Do512 Family Featured Babymaker, Virginia Woodruff from Great Moments in Parenting, recently went camping with her kids for the first time. Naturally, she learned some things. Check out her tips, and if you’re looking for a place to camp that’s not too far, take a look at our Top 20 Camping Spots around Austin list.
We just returned from our first tent-camping-as-a-family trip, and I’m here to report back on what to do, bring, and avoid for your first family camping trip.
1) Make sure your tent is big enough to fit your whole family and then some. We had five people in a 6-person tent, and I was grateful for that extra space to store lanterns, clothes, books and water bottles away from anyone’s kicking legs.
2) Bring citrus oil if you’re camping in Texas. When we arrived at our campsite, we set up the tent between two trees to face a grassy, wooded field. Everything was idyllic until my bug-loving girl spotted a trail of red ants crawling up and down one tree. We quickly moved the tent back to a less scenic spot and were careful to zip it up every time we left and to keep food out of the tent, but by the morning of the second day they had found their way in. I smashed several as we woke up and somehow no one got bitten. The next time I camp I’ll bring some orange oil to pour down ant holes and to mark out a fire line around our tent site.
3) Ask for the Junior Ranger backpack if you’re at a state park. It contains a book about animal tracks and kid-sized binoculars and a compass. My 7-year-old son went off with the compass and binoculars for a whole afternoon. But the best thing in it: drawing paper and crayons. Because even though you imagine your kids enraptured by the wonders of nature, there are times they just need something to do. The drawing saved us when it was time to pack/unpack the food or make the fire to cook the food.
4) Don’t be afraid to bring a little digital entertainment into your off-grid experience. The first night, one of my four year olds decided to run around inside the tent laughing and screaming hysterically while we tried to sleep. (Was it a coincidence that our neighboring campers were gone the next day?) I don’t know if this was how she was expressing her nerves at the new situation or not, but it drove us to shouting and throwing pillows and threatening to send her to “sleep in the woods.” We solved the problem the second night by popping a DVD into the laptop and winding down the day with everyone on their stomachs watching some good old-fashioned Disney animation. This also came in handy when we had to break down the tent the final morning in the rain–I deposited the kids in the car to watch while the adults did the grunge work.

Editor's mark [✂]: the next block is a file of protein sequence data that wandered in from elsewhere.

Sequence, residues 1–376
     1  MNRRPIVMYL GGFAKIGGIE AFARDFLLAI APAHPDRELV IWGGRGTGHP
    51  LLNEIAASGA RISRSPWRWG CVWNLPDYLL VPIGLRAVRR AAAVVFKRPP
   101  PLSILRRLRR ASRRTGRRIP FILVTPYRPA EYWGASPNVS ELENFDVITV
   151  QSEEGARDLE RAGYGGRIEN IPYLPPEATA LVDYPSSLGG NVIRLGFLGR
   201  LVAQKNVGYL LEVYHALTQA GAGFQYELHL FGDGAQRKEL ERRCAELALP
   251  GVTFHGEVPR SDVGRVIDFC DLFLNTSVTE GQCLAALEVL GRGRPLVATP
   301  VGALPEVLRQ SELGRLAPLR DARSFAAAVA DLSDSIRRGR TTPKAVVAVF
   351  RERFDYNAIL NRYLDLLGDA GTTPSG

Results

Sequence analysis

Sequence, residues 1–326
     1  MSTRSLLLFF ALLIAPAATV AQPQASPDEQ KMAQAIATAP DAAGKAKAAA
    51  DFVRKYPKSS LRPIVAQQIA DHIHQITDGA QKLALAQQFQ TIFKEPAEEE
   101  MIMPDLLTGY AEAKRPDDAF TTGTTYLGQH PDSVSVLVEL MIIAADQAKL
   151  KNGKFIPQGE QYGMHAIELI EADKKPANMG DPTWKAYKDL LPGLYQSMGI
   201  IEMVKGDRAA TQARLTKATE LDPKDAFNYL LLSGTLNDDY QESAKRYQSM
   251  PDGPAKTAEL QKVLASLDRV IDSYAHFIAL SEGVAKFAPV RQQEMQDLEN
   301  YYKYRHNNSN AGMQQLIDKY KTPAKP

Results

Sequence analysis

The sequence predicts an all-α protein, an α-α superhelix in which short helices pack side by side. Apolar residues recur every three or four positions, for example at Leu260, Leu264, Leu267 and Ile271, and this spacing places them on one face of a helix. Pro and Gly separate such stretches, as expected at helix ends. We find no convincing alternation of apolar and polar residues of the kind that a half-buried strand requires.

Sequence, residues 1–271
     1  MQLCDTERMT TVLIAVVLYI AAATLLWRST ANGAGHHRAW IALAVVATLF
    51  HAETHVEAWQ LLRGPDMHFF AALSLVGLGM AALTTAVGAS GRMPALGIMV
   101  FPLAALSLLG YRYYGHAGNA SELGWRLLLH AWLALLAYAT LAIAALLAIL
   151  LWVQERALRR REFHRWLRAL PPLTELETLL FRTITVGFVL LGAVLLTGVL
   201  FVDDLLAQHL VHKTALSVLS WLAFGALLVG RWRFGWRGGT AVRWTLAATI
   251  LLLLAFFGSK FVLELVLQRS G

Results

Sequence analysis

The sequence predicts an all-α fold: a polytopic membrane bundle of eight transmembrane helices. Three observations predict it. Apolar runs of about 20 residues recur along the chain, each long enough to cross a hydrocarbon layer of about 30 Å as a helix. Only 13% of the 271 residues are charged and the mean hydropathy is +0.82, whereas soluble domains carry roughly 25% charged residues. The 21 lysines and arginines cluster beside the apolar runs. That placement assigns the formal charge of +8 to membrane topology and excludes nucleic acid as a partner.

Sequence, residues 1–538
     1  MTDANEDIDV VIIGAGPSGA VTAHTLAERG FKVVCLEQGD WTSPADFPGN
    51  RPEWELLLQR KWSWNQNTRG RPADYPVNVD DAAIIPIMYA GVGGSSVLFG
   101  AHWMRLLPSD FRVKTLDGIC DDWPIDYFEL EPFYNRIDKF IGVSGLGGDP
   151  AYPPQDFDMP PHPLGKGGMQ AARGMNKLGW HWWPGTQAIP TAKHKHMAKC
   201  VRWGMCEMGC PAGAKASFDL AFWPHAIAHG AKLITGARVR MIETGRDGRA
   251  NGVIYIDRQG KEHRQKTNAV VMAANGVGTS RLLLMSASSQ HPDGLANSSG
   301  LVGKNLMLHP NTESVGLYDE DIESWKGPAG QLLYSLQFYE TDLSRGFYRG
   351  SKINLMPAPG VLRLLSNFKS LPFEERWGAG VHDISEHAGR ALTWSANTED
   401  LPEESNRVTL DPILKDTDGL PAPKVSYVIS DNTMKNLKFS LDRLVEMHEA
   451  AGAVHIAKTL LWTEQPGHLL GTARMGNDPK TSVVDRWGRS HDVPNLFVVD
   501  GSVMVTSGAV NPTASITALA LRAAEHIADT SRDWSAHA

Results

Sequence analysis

5) Don’t forget sunscreen and hats! I had plenty of high-SPF, waterproof sunscreen but found only two hats tucked into the car door from last summer. Luckily the camp office sold baseball caps, which saved three of us from sunburn on our 4-hour canoe trip. Not sure how often I’ll go out in a pink cap inscribed with “South Lllano River State Park,” but it served its purpose that day. (Old country trick from the husband: when you get overheated, dip your hat in the river and put it back on.)
6) Speaking of canoe trips, be aware that the “easy” 3-hour journey the local guide describes could end up as a intense work out because you have to get out and push the canoe over rocks at the many low water points along the river. Know also that whatever you bring into the canoe will end up sopping wet, including your food and all your towels, and you will have to dry yourselves off from then on with extra clothes.
7) Store one set of clean clothes and towels per person in the car for the trip home. We planned to stop in the quaint town of Fredericksburg on the way back for ice cream, but on the last day I struggled to find some presentable clothes for everyone. Everything was either muddy or wet (tip: bring plastic bags to hold all the wet things.) We ended up in combinations of swim shirts and pajamas, but it was worth it for a cone of homemade peach ice cream.
8) Although camping with kids isn’t the relaxing gazing-at-the-fire sojourn you may remember from your life pre-kids (the books my husband and I brought never got cracked), there would have been moments of peace if we had brought hammocks to get away to. (Then again, the hammock-hanging trees were covered with ants, so it would have been a tough trade off.) Just as you need “Me Time” at home, it’s a good idea to work on your run-away-now-and-give-Mommy-a-rest enticements before you go camping. Here are a few I scrambled up:
- “Go see how many Rollie Pollies you can put in this jar!”
- “Why don’t you check out that that rotting log deep in the woods?”
- “Is that an armadillo?”
- “S’mores to anyone who can bring me five different types of leaves… Back already? Make that ten leaves, two animal bones and an arrowhead.”
If you’re headed out on a natural adventure this spring, good luck, god speed, and may the ants avoid you.
— Virginia Woodruff